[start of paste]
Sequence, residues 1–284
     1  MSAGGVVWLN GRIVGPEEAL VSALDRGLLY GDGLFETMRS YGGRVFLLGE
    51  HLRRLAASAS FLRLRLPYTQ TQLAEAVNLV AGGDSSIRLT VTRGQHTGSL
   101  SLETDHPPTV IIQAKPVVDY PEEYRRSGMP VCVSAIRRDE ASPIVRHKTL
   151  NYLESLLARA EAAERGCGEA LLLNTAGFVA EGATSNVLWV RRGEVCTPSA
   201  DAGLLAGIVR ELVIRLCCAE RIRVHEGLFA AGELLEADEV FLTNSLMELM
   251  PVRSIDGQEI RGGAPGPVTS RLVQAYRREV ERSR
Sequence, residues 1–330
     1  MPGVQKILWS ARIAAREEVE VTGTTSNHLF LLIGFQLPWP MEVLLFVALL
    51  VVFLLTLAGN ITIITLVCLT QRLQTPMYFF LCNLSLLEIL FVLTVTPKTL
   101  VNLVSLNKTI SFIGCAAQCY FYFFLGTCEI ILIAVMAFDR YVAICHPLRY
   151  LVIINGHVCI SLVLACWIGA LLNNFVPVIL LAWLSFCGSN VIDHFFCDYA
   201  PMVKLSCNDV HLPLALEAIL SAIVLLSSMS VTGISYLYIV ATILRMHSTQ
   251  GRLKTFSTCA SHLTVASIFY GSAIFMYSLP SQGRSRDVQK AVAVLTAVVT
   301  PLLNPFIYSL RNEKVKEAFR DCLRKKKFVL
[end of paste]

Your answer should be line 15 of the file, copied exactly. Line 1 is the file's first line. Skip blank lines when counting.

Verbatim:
   301  PLLNPFIYSL RNEKVKEAFR DCLRKKKFVL